Japan's manufacturing activity expands at slowest pace in seven months in February

Containers at a pier in Tokyo on Feb 19, 2015. Japanese manufacturing activity expanded at the slowest pace in seven months in February as domestic order growth slowed, but orders from overseas picked up in an encouraging sign that economic growth wi
Containers at a pier in Tokyo on Feb 19, 2015. Japanese manufacturing activity expanded at the slowest pace in seven months in February as domestic order growth slowed, but orders from overseas picked up in an encouraging sign that economic growth will continue to expand -- PHOTO: AFP 

TOKYO (REUTERS) - Japanese manufacturing activity expanded at the slowest pace in seven months in February as domestic order growth slowed, but orders from overseas picked up in an encouraging sign that economic growth will continue to expand.

The Markit/JMMA flash Japan Manufacturing Purchasing Managers Index (PMI) fell to a seasonally adjusted 51.5 in February from a final 52.2 in January.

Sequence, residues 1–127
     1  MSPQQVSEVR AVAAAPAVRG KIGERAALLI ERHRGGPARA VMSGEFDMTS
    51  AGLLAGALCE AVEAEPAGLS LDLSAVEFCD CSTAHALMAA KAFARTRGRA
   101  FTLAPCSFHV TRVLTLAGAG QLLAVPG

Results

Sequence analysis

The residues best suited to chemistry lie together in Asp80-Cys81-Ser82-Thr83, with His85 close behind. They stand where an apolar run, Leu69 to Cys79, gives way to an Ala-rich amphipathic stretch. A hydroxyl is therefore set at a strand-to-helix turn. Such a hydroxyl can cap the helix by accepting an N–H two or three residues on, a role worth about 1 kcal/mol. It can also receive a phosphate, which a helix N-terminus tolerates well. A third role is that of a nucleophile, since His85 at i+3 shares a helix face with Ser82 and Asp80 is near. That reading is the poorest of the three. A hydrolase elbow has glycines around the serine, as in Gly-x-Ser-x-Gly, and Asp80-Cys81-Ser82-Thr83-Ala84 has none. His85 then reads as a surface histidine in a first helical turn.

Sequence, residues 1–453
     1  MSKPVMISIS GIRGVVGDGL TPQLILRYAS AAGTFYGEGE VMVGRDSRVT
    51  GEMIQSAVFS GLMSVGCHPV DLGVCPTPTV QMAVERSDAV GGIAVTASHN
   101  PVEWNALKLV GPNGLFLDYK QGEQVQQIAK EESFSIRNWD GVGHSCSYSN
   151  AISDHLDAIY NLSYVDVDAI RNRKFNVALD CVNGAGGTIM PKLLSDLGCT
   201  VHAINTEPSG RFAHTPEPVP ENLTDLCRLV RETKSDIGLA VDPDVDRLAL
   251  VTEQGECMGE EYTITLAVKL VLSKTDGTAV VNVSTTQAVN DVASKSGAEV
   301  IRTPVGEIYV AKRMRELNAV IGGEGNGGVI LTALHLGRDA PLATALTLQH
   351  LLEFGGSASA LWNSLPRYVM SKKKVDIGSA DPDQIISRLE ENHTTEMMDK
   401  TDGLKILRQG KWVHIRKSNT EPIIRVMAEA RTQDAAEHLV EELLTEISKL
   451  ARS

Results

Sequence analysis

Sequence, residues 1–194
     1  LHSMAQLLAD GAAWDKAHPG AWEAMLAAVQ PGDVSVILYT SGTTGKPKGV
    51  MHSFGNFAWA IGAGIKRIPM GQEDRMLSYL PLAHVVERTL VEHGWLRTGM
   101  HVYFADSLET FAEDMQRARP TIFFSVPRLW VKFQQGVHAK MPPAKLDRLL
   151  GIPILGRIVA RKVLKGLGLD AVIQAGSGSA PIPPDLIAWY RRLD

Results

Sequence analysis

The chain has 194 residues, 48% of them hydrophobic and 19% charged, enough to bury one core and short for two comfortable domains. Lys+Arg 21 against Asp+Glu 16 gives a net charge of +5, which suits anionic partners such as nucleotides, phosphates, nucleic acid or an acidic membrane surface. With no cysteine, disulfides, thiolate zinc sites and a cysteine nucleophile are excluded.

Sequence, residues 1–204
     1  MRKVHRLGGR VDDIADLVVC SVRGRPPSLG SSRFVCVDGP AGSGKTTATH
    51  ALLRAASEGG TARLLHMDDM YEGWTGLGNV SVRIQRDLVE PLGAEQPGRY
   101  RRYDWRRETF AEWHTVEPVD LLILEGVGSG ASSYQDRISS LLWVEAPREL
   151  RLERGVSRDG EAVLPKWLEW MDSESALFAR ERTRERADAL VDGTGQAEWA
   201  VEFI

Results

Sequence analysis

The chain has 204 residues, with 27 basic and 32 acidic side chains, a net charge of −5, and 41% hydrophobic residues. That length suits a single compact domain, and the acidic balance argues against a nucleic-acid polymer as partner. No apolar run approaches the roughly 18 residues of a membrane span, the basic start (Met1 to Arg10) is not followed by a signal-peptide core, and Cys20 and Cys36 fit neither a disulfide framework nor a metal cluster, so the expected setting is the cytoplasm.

The index remained above the 50 threshold that separates contraction from expansion for the ninth consecutive month but fell to the lowest since July last year.

New orders fell to a preliminary 51.1 from 53.4 in December. The index for new export orders, however, rose to a preliminary 52.8 from a final 51.8 in the previous month as a weakening yen makes Japan's products more competitive overseas.

Data on Thursday showed Japan's annual exports in January jumped the most since late 2013, supported by shipments of cars to the United States and of electronics parts to Asia.

The output component of the flash PMI index was 52.7, unchanged from January. Employment continued to increase, albeit at a slower pace.

The final Markit/JMMA PMI for February will be released on March 2.

Japan's economy emerged from recession in the fourth quarter of last year, but consumer spending and capital expenditure were slower than expected, showing that households and companies are still cautious about the outlook.

Growth is likely to continue this year due to gains in household spending and exports, economists say, but tepid gains in real wages and a slowdown in Europe and China pose risks to the economy.